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alpenglow
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alpenglow
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PostSun Sep 18, 2022 5:40 pm 
My son loves scrambling on rocks, but befitting a teenager has, let's just say, an underdeveloped sense of mortality, and difficulty imagining gravity-related consequences. As his father, I have the opposite problem. Some examples of hikes/scrambles we've done that he loved but which had me sweating bullets at various points are the Haystack on Mt. Si, Delicate Arch in Arches NP (which has a few fairly exposed spots to get to the arch itself, a couple folks slipped and died there a few months after we went), and even Rattlesnake Ledge, which we hike routinely but he loves pushing the envelope of how close to the edge he'll go. Any suggestions for hikes with fun 3rd, maybe short 4th class scrambling components, within a couple of hours of Seattle, of let's say Mt. Si-Haystack-ish difficulty or below, that have relatively little risk of a serious fall? As in, I'm willing to accept a small risk of a broken bone or two, but I don't want to have to worry about both of us coming back home alive (Little Si is a good example, as it has some rocks at the top that lets him safely get some scrambling energy out). The bigger the views, the better. Thanks!

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Chief Joseph
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PostSun Sep 18, 2022 7:42 pm 
Scrambles I have done, 3 Fingers, Pugh, Vesper and Mt Forgotten. I felt very safe on Forgotten and Vesper, not so much on the other 2...Stilliguamish peak I have also done, but the approach is really long and it isn't really a scramble imo, few rocks. Of them all I would recommend Vesper. I think going up Headlee pass is the most dangerous part due to possible rockfall from above.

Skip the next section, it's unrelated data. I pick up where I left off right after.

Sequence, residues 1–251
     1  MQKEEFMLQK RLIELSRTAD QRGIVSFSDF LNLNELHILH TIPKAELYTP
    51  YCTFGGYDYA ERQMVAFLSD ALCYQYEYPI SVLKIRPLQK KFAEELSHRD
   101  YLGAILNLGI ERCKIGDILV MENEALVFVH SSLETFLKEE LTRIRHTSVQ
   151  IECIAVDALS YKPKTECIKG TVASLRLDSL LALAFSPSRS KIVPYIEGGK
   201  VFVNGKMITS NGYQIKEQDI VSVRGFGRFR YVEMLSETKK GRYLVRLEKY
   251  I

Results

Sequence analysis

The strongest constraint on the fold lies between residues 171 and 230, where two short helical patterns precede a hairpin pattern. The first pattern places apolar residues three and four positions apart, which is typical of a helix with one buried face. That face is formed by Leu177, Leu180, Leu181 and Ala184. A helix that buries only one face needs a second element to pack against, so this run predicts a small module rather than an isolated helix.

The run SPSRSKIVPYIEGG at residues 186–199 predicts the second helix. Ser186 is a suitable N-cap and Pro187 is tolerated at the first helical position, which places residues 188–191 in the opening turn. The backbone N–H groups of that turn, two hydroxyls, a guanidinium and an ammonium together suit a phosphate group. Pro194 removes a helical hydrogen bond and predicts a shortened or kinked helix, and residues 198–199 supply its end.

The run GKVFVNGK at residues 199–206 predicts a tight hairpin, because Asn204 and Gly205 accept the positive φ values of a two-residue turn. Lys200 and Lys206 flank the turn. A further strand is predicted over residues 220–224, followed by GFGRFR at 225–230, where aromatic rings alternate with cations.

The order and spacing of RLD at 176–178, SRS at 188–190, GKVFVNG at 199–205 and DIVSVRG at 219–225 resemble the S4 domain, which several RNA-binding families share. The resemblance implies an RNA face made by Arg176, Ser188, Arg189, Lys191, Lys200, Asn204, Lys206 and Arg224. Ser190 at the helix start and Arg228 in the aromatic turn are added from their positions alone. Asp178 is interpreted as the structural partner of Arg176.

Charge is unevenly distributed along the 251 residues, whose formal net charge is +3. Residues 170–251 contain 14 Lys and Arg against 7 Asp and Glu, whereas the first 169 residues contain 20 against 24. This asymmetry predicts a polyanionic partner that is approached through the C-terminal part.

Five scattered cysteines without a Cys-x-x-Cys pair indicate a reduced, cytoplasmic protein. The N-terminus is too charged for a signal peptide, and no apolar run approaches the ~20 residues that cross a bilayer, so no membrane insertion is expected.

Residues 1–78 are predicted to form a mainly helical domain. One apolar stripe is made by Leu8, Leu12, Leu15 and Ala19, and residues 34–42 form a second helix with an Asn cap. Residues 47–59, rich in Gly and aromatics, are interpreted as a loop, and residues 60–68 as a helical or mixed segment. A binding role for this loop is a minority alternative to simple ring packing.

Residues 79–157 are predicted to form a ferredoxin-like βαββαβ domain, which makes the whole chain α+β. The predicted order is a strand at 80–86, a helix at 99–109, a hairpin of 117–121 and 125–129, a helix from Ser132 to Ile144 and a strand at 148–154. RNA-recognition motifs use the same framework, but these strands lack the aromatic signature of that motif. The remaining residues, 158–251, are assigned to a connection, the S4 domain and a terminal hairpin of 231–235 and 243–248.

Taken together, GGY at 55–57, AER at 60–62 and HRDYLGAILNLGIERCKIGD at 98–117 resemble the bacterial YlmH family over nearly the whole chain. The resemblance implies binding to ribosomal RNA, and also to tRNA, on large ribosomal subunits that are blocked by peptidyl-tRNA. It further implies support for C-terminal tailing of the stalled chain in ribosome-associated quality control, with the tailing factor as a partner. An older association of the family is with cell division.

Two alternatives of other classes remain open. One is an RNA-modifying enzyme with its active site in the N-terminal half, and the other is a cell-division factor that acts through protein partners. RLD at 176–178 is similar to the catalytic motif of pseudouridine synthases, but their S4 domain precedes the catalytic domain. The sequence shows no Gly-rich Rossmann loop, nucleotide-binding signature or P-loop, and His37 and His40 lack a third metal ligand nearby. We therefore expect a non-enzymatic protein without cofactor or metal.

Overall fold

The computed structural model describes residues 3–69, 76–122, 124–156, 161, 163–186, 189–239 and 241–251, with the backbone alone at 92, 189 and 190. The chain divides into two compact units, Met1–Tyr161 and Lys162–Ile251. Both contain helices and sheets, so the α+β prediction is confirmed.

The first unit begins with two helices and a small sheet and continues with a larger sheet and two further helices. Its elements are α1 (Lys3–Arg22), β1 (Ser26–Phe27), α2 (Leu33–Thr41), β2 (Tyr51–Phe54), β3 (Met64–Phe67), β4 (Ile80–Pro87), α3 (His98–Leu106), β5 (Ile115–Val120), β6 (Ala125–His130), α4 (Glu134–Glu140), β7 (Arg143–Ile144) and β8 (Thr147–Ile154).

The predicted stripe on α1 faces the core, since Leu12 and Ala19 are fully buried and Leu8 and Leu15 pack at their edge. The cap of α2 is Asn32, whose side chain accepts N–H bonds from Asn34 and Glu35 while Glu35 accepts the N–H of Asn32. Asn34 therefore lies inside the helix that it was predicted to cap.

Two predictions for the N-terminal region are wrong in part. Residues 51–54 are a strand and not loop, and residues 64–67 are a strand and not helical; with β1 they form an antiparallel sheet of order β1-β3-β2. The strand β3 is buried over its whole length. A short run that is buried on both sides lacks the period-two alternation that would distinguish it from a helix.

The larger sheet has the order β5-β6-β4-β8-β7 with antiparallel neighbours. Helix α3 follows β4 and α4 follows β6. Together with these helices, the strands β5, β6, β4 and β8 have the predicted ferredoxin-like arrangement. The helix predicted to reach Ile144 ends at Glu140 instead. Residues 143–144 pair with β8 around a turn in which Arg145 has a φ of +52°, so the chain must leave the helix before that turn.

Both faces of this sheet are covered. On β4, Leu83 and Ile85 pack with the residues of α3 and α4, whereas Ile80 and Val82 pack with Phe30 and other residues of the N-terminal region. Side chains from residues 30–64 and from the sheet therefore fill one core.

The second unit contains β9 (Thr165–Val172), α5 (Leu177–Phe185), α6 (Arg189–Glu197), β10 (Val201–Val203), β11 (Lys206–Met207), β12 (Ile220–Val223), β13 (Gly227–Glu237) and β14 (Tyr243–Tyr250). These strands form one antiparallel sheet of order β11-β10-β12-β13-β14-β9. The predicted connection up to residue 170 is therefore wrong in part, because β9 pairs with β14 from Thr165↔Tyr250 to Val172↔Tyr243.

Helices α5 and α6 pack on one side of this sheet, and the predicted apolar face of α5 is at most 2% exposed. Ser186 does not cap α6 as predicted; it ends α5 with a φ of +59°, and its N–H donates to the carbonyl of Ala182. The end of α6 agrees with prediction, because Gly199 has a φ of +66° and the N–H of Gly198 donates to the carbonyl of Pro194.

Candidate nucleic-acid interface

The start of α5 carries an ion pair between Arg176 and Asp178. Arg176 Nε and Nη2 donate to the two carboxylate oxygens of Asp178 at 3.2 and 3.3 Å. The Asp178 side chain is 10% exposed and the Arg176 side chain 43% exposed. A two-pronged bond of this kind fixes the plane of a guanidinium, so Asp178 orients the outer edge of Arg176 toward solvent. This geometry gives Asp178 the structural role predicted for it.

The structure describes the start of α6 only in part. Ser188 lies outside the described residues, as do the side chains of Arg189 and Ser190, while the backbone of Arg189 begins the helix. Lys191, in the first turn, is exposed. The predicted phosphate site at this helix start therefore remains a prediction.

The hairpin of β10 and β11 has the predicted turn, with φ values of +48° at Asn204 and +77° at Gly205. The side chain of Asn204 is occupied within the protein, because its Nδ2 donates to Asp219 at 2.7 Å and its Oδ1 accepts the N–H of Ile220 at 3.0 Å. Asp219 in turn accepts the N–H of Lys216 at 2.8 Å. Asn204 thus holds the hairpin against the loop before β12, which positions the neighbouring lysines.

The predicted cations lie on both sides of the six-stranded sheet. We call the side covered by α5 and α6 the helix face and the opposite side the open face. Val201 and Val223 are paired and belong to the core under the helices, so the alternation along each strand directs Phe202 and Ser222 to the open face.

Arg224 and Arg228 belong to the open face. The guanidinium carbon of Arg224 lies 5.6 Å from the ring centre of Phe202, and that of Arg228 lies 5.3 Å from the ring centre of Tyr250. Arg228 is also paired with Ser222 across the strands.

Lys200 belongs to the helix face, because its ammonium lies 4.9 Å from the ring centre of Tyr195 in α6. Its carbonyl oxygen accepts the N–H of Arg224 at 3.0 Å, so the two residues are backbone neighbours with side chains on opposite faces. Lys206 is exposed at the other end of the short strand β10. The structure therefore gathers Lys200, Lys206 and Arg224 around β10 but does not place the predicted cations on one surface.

Go placidly amid the noise and waste, and remember what comfort there may be in owning a piece thereof.
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Now I Fly
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PostSun Sep 18, 2022 8:19 pm 
Maybe, Red Mountain! There is some route finding (minimal), and a bit of loose rock. Plenty of information to be found for Red online. :-)

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MackAttack
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PostSun Sep 18, 2022 8:21 pm 
Vesper seems like a pretty good recommendation. Lots of stuff in the Teanaway is scrambly but not too exposed like Bean, Earl, South Ingalls. You can make Granite mountain more of a scramble by taking the ridge for the final push instead of the trail.

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altasnob
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PostSun Sep 18, 2022 8:50 pm 
North Twin Sister, West Ridge. Unique Olivine rock is very solid and feels like sandpaper.

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Shred
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PostSun Sep 18, 2022 8:56 pm 
Del Campo and Gothic are a nice little scramble

Chief Joseph
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zimmertr